NEW YORK (Reuters) - Oil fell 9 percent on Tuesday after bleak economic data from top energy consumer the United States stirred demand concerns.
U.S. consumer confidence slipped to a record low in January, a survey showed on Tuesday, as governments around the world offered further help to banks and industries battered by the financial crisis.
U.S. home prices, meanwhile, plunged a record 18.2 percent in November from a year earlier as the housing market remained in the throes of a deep recession, Standard & Poor’s data showed on Tuesday.
U.S. crude settled at $41.58 a barrel, down $4.15, or 9 percent, in the biggest percentage loss since January 7. London Brent crude settled down $3.23 at $43.73 a barrel.
The global economic crisis has weakened crude demand, especially in developed economies, and pushed prices off record peaks over $147 a barrel struck in July.
British retailers gave their gloomiest forecast on record for February on Tuesday in the Confederation of British Industry’s monthly survey, although data showed January sales were less dismal than expected.
“The economy is still a drag on demand,” said Tom Bentz, an analyst at BNP Paribas Commodity Futures Inc.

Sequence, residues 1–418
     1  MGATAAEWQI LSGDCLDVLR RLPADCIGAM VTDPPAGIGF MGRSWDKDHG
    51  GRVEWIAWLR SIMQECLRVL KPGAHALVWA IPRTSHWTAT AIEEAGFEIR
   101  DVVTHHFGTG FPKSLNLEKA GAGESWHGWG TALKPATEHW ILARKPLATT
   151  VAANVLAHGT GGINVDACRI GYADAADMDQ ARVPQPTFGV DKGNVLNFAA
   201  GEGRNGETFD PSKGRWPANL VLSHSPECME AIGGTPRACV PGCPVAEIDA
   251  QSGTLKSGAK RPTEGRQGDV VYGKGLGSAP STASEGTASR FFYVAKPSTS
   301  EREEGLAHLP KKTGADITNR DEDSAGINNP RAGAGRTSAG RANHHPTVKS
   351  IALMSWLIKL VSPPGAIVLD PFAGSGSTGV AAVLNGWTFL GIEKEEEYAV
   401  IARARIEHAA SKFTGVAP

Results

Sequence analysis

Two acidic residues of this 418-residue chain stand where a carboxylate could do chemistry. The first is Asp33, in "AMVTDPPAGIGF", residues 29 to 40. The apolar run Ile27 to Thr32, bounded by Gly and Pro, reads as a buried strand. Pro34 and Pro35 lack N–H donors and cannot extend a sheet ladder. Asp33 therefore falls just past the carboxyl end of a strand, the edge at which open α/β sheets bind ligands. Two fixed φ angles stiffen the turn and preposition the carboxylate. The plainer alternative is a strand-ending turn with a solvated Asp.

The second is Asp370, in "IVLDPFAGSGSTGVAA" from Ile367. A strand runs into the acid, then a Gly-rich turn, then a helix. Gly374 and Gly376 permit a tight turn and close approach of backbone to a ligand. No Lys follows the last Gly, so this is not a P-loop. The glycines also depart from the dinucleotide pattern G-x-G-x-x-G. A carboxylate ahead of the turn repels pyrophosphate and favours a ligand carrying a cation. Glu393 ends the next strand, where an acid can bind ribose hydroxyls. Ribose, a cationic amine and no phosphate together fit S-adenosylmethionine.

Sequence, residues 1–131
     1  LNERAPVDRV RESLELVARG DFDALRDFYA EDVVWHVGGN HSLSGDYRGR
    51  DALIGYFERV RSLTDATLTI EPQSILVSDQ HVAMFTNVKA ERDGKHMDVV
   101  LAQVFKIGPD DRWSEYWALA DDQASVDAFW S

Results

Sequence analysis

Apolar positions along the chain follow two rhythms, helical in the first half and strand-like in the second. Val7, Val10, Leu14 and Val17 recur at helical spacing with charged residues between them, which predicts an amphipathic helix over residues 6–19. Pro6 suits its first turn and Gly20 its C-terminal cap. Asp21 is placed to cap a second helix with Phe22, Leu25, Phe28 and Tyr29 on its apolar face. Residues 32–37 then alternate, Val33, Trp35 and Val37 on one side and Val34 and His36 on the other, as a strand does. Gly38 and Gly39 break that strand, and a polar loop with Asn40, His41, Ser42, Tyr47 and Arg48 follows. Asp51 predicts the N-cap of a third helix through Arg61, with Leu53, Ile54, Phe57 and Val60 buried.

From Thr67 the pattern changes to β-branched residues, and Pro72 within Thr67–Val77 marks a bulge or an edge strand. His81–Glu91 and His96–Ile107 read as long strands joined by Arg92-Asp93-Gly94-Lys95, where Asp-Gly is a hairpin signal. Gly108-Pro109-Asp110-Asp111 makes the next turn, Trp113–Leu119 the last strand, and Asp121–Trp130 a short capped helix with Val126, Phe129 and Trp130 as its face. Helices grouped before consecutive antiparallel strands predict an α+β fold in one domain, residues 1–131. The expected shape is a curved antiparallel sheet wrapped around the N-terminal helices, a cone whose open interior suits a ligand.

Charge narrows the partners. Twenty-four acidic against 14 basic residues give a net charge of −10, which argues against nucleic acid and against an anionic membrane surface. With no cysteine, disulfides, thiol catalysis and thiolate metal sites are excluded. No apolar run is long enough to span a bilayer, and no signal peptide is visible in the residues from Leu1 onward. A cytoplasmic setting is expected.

Governments strung together lifelines to rescue their battered economies on Tuesday, with the $825 billion U.S. economic stimulus bill advanced another step.
Top U.S. refinery Valero (VLO.N) said it is cutting refinery output and capital spending this year due to shrinking demand.
U.S. crude inventories rose by 800,000 barrels last week, according to data released by the American Petroleum Institute on Tuesday afternoon after the market closed, against analysts expectations of a 2.9-million-barrel build.
The API has begun releasing its weekly inventory report on Tuesday afternoons, a day ahead of the U.S. government’s Energy Information Administration report.
Rising inventories and slumping prices prompted producer group OPEC to agree to a series of steep output cuts during the second half of 2008.
Kuwait on Tuesday said it would support a further output cut if needed, echoing comments by some of the other members of the cartel.
The Organization of the Petroleum Exporting Countries next meets on March 15 to decide on output policy. Some analysts say current cuts may be insufficient to end the steep drop in prices.
“Unless OPEC production cuts in January were substantially greater than what we have assumed, it is still too early to be calling an end to this current bear market,” Goldman Sachs said in a research note.
Additional reporting by Robert Gibbons, and Gene Ramos in New York, Jane Merriman in London and Jonathan Leff in Singapore; Editing by Christian Wiessner